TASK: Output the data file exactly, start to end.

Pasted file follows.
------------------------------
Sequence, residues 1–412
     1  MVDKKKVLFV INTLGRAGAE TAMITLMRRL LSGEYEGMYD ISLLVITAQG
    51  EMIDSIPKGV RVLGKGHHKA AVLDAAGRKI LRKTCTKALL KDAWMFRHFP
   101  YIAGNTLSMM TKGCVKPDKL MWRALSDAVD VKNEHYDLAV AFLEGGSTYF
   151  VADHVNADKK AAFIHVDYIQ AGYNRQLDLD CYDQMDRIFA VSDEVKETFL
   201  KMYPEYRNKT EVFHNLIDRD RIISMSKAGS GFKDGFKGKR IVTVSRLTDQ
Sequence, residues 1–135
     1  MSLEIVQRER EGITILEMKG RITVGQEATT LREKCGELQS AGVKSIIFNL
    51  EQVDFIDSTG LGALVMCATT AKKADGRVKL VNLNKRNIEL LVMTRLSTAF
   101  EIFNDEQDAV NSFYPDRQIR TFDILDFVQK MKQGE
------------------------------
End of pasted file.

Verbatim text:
Sequence, residues 1–412
     1  MVDKKKVLFV INTLGRAGAE TAMITLMRRL LSGEYEGMYD ISLLVITAQG
    51  EMIDSIPKGV RVLGKGHHKA AVLDAAGRKI LRKTCTKALL KDAWMFRHFP
   101  YIAGNTLSMM TKGCVKPDKL MWRALSDAVD VKNEHYDLAV AFLEGGSTYF
   151  VADHVNADKK AAFIHVDYIQ AGYNRQLDLD CYDQMDRIFA VSDEVKETFL
   201  KMYPEYRNKT EVFHNLIDRD RIISMSKAGS GFKDGFKGKR IVTVSRLTDQ
Sequence, residues 1–135
     1  MSLEIVQRER EGITILEMKG RITVGQEATT LREKCGELQS AGVKSIIFNL
    51  EQVDFIDSTG LGALVMCATT AKKADGRVKL VNLNKRNIEL LVMTRLSTAF
   101  EIFNDEQDAV NSFYPDRQIR TFDILDFVQK MKQGE